Agility is terrific. Here's my analogy (and it works well for terriers--I've got one)...think of a really smart kid who's bored in school and doesn't have anything to burn off energy. They get into mischief. But instead, give that bright kid a goal, challenge 'em, make them think, work them physically and mentally plus have rewards for success. Well, that is what agility does for you and your dog. You get a calmer, more focused, happier, healthier, and better behaved dog. You also become more of a team. And agility becomes a "job" for your dogs.
1. As others noted, your dogs need to be at least 1 year old (in some cases 15 months) before they can start doing obstacles or entered in trials. That's so the growth plates can close.
2. Take obedience training. You will need to have dogs that have strong sit-stays (for the start line), down-stays (for the pause table) and can operate off-leash (as all agility is done "naked" so you need a focused dog that comes on command and isn't easily distracted). So start with agility.
3. Find an agility instructor or club near you. Here's an EASY way to start. This coming weekend (June 14-15, 2008), there is an agility trial by the Orlando Dog Training Club. For more info, go here: http://www.odtc.org/
You want to attend the trial and ask people who are local "who would you recommend as a trainer? A place to train?" (because you'll want to find a good place that has AC in order to train in Florida during summer months). There are two good intro books on agility, one by Margaret Bonham, the other by Laurie Leach and both available on Amazon--start with one of those for a very basic introduction.
4. Start with flatwork. This agility without obstacles. Sounds boring...it isn't. www.cleanrun.com in their book section has some good stuff on flatwork. A good trainer will get you started on this. You learn about front and rear crosses, distance handling, flips, cues.
The single biggest mistake ALL beginners make is the desire to rush onto the equipment. If you get on the equipment before you learn how to handle your dog, you make your journey longer and may kill your dog's potential love for agility. Your ability to cue clearly and early and how positive and consistent you are in working with your dog determines how successful your dog will be. So early lessons and flatwork is critical before you ever move to obstacles.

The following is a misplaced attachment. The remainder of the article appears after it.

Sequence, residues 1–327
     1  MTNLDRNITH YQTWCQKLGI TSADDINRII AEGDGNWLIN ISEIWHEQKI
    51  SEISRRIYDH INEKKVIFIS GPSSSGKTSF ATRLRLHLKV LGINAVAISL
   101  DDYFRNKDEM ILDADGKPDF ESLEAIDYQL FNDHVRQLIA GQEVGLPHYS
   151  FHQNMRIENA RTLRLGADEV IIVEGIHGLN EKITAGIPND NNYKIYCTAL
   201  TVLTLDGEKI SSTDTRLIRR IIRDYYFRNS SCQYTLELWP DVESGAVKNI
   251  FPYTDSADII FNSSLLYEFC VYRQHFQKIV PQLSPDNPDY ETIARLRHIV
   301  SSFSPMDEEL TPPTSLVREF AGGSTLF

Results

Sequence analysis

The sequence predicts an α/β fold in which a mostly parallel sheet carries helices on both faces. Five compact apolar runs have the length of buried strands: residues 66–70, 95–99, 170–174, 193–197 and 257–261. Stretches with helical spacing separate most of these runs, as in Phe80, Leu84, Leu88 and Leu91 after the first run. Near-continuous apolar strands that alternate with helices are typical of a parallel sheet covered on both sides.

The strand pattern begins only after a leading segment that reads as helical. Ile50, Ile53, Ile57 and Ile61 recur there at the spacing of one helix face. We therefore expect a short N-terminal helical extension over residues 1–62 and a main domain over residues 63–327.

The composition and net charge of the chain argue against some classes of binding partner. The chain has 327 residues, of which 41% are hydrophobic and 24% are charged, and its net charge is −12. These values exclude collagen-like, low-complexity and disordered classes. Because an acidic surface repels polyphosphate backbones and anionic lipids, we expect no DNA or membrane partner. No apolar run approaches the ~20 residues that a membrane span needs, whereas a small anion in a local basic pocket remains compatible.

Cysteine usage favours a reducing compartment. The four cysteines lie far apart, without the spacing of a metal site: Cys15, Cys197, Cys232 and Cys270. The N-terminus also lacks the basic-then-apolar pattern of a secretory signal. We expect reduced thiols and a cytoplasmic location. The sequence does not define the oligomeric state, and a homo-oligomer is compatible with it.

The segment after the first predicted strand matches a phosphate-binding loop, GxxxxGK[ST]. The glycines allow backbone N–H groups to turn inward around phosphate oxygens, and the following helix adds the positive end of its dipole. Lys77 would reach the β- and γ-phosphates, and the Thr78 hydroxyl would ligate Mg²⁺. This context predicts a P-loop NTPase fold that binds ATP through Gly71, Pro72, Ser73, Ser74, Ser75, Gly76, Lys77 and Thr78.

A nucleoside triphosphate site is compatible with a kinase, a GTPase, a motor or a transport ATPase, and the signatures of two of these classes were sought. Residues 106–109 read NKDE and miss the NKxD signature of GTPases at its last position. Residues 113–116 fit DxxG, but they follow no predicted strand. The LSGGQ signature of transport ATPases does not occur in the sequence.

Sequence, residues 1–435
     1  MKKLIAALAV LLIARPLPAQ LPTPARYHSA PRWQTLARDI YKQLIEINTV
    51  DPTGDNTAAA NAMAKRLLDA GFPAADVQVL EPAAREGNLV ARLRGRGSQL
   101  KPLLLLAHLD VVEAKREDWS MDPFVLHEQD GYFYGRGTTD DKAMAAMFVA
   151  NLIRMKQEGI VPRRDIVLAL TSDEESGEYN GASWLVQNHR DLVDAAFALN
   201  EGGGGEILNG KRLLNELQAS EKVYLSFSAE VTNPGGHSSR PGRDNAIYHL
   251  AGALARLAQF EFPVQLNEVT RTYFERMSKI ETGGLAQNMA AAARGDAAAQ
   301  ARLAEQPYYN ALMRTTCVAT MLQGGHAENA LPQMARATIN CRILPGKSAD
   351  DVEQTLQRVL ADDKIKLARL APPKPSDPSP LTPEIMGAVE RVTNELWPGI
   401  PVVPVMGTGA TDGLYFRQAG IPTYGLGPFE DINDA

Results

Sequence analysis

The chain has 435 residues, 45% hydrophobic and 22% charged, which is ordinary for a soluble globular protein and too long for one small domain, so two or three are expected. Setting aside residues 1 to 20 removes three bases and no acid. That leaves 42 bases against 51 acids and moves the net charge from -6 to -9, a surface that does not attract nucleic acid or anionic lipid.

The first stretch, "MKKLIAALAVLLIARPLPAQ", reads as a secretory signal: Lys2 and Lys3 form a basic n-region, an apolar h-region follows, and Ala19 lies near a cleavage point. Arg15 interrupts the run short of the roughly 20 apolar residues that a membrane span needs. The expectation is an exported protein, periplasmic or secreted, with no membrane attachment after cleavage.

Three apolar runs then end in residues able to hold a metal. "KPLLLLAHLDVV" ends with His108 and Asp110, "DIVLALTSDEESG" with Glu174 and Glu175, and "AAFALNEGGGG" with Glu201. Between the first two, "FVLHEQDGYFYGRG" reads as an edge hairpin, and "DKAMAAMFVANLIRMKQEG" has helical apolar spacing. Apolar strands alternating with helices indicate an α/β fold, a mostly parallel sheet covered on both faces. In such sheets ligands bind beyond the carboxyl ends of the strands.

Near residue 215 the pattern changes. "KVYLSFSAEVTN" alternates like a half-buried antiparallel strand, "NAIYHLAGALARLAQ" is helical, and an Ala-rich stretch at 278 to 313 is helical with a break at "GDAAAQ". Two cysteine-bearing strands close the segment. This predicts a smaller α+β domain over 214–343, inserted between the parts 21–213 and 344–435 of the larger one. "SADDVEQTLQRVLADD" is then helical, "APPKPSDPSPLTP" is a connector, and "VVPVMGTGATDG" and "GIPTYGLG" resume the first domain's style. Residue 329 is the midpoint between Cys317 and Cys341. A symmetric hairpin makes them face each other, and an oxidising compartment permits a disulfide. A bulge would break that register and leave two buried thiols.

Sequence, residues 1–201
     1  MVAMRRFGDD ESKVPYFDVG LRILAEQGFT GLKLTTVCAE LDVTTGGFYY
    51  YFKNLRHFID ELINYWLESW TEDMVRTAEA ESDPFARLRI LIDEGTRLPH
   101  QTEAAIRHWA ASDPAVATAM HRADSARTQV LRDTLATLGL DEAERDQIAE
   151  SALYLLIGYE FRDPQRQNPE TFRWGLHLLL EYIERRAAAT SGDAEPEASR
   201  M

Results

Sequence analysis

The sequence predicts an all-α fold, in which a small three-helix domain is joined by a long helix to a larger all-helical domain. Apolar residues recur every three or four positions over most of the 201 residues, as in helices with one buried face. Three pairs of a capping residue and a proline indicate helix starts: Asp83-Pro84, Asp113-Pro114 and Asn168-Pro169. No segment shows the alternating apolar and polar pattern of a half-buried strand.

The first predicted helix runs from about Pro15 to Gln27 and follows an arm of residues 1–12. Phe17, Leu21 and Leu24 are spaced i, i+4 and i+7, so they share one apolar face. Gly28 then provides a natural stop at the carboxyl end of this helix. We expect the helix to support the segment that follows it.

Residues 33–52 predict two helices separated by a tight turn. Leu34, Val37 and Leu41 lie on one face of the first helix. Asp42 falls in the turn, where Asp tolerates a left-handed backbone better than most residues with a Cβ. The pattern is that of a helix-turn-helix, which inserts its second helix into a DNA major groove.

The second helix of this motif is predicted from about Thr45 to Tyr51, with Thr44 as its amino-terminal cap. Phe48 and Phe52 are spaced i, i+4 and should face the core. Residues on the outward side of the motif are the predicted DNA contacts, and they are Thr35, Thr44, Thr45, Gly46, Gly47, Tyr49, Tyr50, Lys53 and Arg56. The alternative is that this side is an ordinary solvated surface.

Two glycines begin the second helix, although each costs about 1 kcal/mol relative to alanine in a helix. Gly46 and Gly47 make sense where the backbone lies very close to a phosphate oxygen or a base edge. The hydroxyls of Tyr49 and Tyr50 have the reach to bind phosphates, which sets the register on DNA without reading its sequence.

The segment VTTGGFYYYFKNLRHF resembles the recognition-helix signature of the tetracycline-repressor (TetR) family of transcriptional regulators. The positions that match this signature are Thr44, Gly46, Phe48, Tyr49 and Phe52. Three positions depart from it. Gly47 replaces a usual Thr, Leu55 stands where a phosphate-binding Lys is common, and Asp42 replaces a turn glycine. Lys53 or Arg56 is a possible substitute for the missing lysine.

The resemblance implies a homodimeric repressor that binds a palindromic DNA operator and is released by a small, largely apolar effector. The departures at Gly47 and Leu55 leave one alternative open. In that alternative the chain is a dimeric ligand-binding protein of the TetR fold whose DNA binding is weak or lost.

If your terriers are under 1 year old, go to the Clean Run website and get back issues of their magazine from 2007. Specifically, you're looking for a series of articles by Nancy Gyes about the "Spy Kids." This involves articles about puppies that Nancy (coach of the US World Team) started working with before they were old enough to do obstacles. Stuff like...putting the dog on a blanket and pulling it. Or using a Buja Board. Or teaching directional commands. Or getting into tugging. All stuff you can do that will boost your agility success BEFORE you ever get on an obstacle. Great, great series.
Finally, get into teaching your dogs tricks. To do this, your dogs learn to focus on you, learn you are the source of fun and rewards, you learn how they learn, and many of the tricks set them up for agility. You'll also find that being clicker savvy helps train tricks (and a clicker is invaluable for agility training as well). So teaching tricks is a great start. Go here for examples of great tricks (Silvia Trkman is one of the best agility competitors in the world--she's from Slovenia): www.silvia.trkman.net